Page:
Robert Carballo, professor of English and Comparative Literature at Millersville University, who has written for the St. Austin Review and is a regular contributor to the Ignatius Critical Editions, has crossed swords with an anti-Catholic academic for the latter’s attack on the Church in an article on The Merchant of Venice published in the journal Humanitas. Robert’s vigorous defence of the Faith against what he calls “the poison of anti-Catholic bias” was expressed in the following letter to the editors of Humanitas:

Mons. Baldacchino and Ryn:

Given my understanding (perhaps erroneous) that your enterprise for the restoration of Western culture and values is based on a clear-headed understanding of that culture as essentially the offspring of the Greco-Roman world and of Christesdom (particularly Catholic Christianity, the original kind), I was rather surprised to find in the pages of your excellent journal, Humanitas (Volume XXIV 2011), a scholarly and lengthy essay by Gorman Beauchamp containing, nicely mixed with its erudition and insightful analysis of The Merchant of Venice, the poison of anti-Catholic bias.

Professor Beauchamp (perhaps the French surname may explain an ancestral Hugenot animus against the True Faith) gives as example of a more intransigent Christianity the 280 Protestants “martyred” during the reign of Mary Tudor when he could more justly have used the well-documented cases of the Elizabethan/Jacobean cruel persecution of Catholic recusants, many more than 280 butchered by the modern world’s first police state.  The many martyrs of Tyburn, hung and quartered or tortured and fined into paupery, would do nicely as examples.  Perhaps the more vivid case of St. Margaret Clitherow would better serve the good professor’s illustrative purposes: she was crushed between two bolders, as her children were made to watch, for the crime of attending Mass and sheltering a priest.  Many an English priest, many from ancient and venerable English families, suffered a similar fate at the hands of Elizabeth’s proto stasi for the simple crime of practicing the Catholic Faith that not long before was the cherished faith of all Englishmen.  To add insult to injury, Professor Beauchamp cites “the perhaps apocryphal” anecdote of the papal legate’s casual order to slaughter the citizens of a whole town indiscriminately (hardly serious scholarship, and very serious propaganda).  Moreover, in citing the cases of Portuguese and French (at Strasbourg) forced conversions, should his facts be accurate (which given his animus one is permitted to question), the professor should have cited the perennial church teaching about the sanctity of conscience, even if at time not observed by over-zealous or cruel members of the Church.  The Catholic Church has always condenmed forced conversions; in Spain the marranos, who were not authentic converts, converted for political and economic expediency while the Catholic monarchs expelled persons who had proven less than loyal to Catholic Spain’s religious and social unity and harmony.  The great historian Thomas Walsh shows in impeccable scholarship how prescient that historiacl decision was.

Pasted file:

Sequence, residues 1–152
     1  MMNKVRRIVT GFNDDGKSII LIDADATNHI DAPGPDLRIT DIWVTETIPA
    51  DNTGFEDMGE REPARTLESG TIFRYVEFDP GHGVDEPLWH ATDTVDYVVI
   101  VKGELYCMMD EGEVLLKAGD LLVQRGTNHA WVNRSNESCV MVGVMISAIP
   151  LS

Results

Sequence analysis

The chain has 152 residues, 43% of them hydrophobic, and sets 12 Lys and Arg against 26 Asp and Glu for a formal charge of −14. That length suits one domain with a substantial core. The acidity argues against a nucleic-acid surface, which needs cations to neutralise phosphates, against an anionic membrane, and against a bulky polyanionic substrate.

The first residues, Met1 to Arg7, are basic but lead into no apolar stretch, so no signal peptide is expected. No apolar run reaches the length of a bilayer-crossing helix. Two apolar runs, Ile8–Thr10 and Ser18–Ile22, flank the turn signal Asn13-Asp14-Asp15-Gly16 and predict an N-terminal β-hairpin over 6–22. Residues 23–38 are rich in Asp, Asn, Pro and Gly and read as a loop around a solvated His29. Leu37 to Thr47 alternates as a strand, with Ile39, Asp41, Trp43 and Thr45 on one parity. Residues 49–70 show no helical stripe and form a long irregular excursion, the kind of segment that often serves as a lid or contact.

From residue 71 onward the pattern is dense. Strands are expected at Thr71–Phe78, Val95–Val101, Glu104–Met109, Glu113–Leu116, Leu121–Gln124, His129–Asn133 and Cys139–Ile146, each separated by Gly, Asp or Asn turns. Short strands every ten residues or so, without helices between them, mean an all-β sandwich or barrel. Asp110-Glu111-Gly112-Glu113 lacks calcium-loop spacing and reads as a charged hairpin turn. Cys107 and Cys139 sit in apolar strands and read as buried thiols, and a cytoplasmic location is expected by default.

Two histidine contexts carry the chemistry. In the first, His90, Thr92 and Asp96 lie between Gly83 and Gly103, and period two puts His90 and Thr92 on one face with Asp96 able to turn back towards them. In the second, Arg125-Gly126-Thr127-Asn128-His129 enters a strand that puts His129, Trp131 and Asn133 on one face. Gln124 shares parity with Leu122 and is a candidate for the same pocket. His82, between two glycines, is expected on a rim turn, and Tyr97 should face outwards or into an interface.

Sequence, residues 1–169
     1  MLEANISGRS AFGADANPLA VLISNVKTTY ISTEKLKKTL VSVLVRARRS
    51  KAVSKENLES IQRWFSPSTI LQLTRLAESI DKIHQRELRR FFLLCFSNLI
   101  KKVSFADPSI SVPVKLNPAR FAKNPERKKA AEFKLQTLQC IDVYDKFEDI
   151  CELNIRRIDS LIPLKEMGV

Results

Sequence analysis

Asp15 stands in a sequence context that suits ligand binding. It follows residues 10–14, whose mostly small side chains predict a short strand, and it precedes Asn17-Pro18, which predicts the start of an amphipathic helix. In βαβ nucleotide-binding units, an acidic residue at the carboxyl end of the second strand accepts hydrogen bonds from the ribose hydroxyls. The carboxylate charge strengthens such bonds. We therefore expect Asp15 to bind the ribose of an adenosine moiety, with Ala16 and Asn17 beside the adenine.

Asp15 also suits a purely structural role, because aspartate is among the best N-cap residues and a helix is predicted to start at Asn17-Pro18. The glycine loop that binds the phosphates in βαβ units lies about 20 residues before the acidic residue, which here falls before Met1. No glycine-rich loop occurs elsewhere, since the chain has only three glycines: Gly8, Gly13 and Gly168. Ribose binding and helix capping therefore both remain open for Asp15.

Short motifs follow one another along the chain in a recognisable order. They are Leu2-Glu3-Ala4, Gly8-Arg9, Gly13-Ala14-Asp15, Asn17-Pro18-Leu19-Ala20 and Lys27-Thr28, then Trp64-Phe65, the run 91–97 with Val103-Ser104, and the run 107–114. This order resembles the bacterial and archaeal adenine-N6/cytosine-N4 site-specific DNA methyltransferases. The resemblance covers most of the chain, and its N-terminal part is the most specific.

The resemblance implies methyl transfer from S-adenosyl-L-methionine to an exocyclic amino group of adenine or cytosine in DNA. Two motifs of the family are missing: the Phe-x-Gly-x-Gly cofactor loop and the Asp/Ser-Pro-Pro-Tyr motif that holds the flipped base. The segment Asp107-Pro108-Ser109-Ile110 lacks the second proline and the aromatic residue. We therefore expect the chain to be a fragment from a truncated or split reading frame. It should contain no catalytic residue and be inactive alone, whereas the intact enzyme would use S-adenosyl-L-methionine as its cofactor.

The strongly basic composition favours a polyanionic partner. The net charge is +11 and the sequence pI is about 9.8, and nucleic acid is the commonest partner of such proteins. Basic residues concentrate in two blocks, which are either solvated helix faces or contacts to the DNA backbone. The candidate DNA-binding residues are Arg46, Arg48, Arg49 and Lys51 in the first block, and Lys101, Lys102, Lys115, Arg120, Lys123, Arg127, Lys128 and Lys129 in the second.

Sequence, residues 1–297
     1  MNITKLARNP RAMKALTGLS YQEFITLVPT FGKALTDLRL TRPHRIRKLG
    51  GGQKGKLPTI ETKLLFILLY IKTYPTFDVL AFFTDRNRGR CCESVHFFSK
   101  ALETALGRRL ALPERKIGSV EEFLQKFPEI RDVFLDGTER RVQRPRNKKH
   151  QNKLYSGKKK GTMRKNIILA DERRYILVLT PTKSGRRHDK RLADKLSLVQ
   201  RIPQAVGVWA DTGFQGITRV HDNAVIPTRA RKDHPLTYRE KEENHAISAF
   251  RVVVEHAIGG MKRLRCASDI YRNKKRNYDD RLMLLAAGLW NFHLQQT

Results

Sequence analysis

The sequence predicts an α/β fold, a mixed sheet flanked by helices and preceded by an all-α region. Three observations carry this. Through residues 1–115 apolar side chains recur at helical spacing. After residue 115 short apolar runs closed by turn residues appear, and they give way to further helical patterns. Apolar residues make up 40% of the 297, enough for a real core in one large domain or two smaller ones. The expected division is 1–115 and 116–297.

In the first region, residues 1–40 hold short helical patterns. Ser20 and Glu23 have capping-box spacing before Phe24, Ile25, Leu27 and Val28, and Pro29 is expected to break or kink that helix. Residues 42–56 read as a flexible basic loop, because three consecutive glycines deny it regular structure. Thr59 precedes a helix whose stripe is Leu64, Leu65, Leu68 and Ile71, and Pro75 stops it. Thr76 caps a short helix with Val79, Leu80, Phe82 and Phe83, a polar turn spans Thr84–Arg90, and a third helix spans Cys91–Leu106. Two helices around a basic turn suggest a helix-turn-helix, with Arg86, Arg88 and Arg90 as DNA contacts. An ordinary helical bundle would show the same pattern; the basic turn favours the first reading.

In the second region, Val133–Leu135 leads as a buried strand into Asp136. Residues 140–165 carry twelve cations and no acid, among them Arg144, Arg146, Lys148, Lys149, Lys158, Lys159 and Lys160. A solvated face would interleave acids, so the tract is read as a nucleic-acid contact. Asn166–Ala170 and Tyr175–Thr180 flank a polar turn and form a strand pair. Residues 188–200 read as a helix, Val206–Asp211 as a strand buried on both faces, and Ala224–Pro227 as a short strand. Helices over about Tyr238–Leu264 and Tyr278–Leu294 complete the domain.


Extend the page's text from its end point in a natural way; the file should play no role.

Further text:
Anyone familiar with history knows—I suspect Professor Beauchamp knows it also—that different historical epochs have different sensibilities: not all ages value a feminized, declawed Christianity such as ours does.  They understood that a sissified Christianity was exactly what the enemy of the Church needs.  Witness the battle you yourselves, and many others, are battling today.  It is the result of a weakened West and a weakened Christianity.  Professor Beauchamp clearly does not care, as he is not, by his own honest admission, a Christian.  But he should care about accuracy and fairness if he is a scholar and a gentleman.  There is no history in Christianity of stoning adulterers; in fact it was in Jewish culture, as the incident of the adulteress at the well clearly shows, that the barbaric practice prevailed.  I could not help but notice as well how he is most careful not to mention the practioners of stoning and cutting off hands by their name (he may be afraid of a fatwa issued against him) even today or of the equally barbaric blasphemies and provocations of the Talmud.  No, he reserves his bullying for the Christians, for he knows that what now obtains is, in his words, “the transformation of Christianity from its militant, combative, baptize-or-be-damned phase … to its much gentler, attenuated, and more pacific institution of today.”  In other words, a Christianity which is easy to defame and bully through lies, half-truths, historical distortions and purely subjective interpretations—and a Christianity that largely lacks courageous leaders but has plenty of cowardly followers who have been domesticated by a quasi-heretical, pacifist, and distorted preaching of the theological virtue of charity. 

Perhaps most disappointing is your collaboration in that attack against the foundation of the civilization you endeavor to defend.  It is particularly dangerous in times of spiritual and cultural warfare, such as ours, to provide our enemies the forum in which to attack us—even in the name of scholarship, and biased scholarship at that.  The fact that many Christians have acted less than honorably (and what group can claim exemption from this indictment?) is nothing new.  What is new is that the National Humanities Institue—malgre its disclaimer that the views of contributors do not reflect the instution’s—would allow a little Trojan horse into the citadel under siege. 

Sincerely in the cause for Western culture and civilization,

Robert Carballo, PhD

Lancaster, Pa